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Chig Beef
Chig Beef

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Compression Is About Knowing Your Data

Recently, I was thinking about remote play by sending inputs to a remote computer, and receiving back the screen. Unfortunately, a 1280x640 screen is 3.2mb, and at 60fps, that's 11gb per minute of data.

What's My Data

By the end of this you'll understand the idea that data and context knowledge drives compression. In my case, I want to send over a 1280x640 screen from a video game so I can view it on my local computer. I know that the screen is made up of pixels, and each pixel is 4 bytes, that's red, green, blue, and alpha. This makes one full screen 3,276,800 bytes, a lot to send so quickly. By using what we know about the data, we should be able to get this value down significantly, and enough to be viable over the wire.

Bytes per Frame: 3,276,800        |  3mb
Bytes per Second: 196,608,000     |  196mb
Bytes per Minute: 11,796,480,000  |  11gb
% Saving Since Last Step: 0%
% Saving Total: 0%
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Firstly, why do I need the alpha? I know that in all cases alpha will be the full 255 value, because I'm never working with transparency. This means that each pixel is just red, green, and blue, which is 3 bytes. This is a 25% saving.

Bytes per Frame: 2,457,600       |  2mb
Bytes per Second: 147,456,000    |  147mb
Bytes per Minute: 8,847,360,000  |  8gb
% Saving Since Last Step: 25%
% Saving Total: 25%
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Lower FPS

For the most part, 30fps is more than enough visually as long as the logic of the game still feels like it updates at 60fps. If anything, lowering the visual frame rate will ensure that we're getting smooth frames, even if there are less of them. This halves the number of frames we're sending. There are cases where you don't want to do this, but in my case, where I personally can barely tell the difference, I don't mind cutting the fps to save on data.

Bytes per Frame: 2,457,600       |  2mb
Bytes per Second: 73,728,000     |  73mb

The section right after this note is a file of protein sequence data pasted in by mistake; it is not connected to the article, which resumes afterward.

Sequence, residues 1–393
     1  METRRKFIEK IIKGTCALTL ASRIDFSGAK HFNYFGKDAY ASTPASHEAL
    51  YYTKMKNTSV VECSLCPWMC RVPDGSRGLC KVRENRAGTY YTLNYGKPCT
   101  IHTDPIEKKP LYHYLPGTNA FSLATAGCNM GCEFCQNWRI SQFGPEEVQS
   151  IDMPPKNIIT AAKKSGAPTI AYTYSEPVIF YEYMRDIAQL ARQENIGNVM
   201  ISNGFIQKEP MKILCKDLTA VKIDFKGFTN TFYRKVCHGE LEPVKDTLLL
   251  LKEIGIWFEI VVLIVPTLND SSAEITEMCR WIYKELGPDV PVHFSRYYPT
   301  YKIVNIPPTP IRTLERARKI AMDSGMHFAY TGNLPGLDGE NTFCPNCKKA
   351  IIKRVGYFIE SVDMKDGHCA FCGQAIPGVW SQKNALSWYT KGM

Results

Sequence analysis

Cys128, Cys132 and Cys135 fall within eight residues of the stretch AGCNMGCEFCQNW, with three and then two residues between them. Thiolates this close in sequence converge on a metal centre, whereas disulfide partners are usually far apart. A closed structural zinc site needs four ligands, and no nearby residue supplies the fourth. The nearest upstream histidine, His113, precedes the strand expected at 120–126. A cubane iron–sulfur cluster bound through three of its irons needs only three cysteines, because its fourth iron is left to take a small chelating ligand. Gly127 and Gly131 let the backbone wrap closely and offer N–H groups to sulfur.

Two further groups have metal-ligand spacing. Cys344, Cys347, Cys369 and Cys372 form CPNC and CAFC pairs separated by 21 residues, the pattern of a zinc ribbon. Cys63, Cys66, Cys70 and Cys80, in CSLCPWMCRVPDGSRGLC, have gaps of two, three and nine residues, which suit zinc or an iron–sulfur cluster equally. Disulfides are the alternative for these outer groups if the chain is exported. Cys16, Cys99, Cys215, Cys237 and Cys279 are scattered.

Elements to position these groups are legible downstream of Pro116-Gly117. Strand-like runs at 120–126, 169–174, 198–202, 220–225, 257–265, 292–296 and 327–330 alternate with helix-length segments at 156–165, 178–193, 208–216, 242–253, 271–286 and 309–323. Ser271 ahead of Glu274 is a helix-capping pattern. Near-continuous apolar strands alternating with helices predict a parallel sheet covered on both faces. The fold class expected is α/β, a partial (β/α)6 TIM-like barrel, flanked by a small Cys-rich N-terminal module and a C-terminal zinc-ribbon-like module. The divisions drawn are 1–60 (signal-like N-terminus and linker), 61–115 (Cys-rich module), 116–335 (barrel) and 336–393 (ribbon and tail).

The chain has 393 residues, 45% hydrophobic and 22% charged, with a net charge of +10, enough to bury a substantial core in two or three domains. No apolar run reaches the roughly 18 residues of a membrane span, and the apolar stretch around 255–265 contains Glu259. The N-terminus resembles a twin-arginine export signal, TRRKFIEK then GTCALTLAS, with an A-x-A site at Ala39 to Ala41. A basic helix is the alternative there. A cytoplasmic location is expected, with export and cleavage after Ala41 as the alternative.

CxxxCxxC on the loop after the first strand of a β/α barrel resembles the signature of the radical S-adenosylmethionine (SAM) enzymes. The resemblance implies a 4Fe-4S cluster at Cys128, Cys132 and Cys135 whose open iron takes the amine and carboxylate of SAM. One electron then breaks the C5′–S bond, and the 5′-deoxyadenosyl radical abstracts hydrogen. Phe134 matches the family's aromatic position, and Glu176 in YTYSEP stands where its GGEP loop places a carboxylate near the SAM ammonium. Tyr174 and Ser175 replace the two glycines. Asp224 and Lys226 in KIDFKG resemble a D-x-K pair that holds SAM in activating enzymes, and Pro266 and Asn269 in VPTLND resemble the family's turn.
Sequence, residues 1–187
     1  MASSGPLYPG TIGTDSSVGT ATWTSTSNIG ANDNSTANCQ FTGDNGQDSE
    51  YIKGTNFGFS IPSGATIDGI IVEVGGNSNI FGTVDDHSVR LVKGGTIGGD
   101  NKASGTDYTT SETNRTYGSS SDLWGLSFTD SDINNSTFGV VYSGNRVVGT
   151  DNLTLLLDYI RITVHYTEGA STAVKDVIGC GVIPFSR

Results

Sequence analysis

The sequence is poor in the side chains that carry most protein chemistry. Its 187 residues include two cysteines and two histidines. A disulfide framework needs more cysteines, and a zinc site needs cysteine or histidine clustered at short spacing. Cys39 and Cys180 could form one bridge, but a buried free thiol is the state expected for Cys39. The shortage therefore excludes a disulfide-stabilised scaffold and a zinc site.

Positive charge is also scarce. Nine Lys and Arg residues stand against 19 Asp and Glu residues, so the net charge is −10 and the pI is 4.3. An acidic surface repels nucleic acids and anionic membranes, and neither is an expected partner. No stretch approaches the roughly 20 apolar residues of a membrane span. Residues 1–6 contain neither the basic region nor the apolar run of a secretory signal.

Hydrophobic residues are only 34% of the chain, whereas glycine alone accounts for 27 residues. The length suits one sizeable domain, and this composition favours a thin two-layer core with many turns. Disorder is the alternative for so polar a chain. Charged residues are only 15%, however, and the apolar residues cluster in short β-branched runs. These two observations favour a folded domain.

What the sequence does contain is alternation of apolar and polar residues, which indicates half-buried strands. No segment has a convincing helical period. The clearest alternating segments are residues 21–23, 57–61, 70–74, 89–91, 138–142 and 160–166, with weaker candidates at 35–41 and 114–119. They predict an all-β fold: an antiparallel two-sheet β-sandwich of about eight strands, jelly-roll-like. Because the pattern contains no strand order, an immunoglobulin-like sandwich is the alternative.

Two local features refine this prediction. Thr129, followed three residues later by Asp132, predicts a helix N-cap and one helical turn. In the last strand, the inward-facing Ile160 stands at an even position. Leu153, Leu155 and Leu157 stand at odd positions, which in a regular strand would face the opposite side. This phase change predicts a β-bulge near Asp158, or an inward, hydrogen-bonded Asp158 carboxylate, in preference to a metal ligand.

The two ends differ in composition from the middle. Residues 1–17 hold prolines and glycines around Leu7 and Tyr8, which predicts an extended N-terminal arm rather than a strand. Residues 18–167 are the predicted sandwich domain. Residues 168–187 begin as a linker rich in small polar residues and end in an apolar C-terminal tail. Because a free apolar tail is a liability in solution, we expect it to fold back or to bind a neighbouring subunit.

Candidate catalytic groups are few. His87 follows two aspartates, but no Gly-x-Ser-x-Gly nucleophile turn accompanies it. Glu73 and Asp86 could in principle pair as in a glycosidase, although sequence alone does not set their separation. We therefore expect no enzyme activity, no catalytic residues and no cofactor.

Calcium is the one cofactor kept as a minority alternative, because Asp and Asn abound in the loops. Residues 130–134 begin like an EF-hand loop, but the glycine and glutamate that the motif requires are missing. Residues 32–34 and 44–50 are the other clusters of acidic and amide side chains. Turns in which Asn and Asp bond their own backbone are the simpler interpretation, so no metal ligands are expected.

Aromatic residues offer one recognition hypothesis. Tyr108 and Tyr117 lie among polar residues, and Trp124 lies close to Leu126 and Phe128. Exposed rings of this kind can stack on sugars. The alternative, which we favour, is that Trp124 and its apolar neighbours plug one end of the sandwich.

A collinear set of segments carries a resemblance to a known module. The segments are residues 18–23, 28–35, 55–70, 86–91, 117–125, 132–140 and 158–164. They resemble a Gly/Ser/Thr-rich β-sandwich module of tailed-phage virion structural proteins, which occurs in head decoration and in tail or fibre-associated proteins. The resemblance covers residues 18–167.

Bytes per Minute: 4,423,680,000  |  4gb
% Saving Since Last Step: 50%
% Saving Total: 62.5%
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Lower Resolution

Luckily for me, I have bad eyes. This means that I can watch YouTube at 480p and not tell any difference. This also means that I can lower the resolution of my frames to 640 by 320, effectively using a quarter of the data. Here I'm not only using information about the data in order to compress it, nor how it will be used, but information about the people using it. The more information like this you have, the better.

Bytes per Frame: 614,400         |  614kb
Bytes per Second: 18,432,000     |  18mb
Bytes per Minute: 1,105,920,000  |  1gb
% Saving Since Last Step: 75%
% Saving Total: 90.625%
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Less Colors

Here are 2 colors.
White 1
White 2
One of them is 255,255,255.
The other is 255,255,239.
You can probably tell the difference, even I can, but would you be able to tell the difference at 30fps when it's taking up only one pixel of space?
Because of this, we can squeeze a red, green, and blue value into 2 bytes. We would do this by only using 5 bits per color, then with some bit-shifting get them all in there with a redundant bit because we actually have 16 bits in 2 bytes. With this extra bit we can either leave it alone, or use it for r so that we have double the red accuracy, but it doesn't really matter. So now we're only using 2 bytes per pixel as apposed to 3, which is a third saving.